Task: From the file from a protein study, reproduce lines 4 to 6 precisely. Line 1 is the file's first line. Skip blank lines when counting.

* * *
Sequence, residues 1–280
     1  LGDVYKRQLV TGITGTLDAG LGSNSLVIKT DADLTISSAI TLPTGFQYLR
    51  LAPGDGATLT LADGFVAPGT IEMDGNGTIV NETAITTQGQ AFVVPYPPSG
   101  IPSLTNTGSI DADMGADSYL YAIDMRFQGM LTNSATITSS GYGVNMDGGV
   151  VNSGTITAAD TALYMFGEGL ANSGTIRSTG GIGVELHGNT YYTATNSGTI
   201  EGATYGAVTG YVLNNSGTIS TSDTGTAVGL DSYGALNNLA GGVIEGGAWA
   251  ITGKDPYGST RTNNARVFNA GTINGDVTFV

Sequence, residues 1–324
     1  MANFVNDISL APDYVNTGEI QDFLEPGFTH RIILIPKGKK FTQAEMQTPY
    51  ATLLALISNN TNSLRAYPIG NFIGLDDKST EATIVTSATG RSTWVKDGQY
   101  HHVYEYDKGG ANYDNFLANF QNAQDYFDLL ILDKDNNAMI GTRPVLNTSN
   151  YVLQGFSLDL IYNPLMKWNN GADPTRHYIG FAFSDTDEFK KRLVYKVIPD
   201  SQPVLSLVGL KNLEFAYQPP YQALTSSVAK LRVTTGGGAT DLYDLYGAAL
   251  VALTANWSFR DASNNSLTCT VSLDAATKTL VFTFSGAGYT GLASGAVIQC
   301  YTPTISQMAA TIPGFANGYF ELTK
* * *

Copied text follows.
   101  IPSLTNTGSI DADMGADSYL YAIDMRFQGM LTNSATITSS GYGVNMDGGV
   151  VNSGTITAAD TALYMFGEGL ANSGTIRSTG GIGVELHGNT YYTATNSGTI
   201  EGATYGAVTG YVLNNSGTIS TSDTGTAVGL DSYGALNNLA GGVIEGGAWA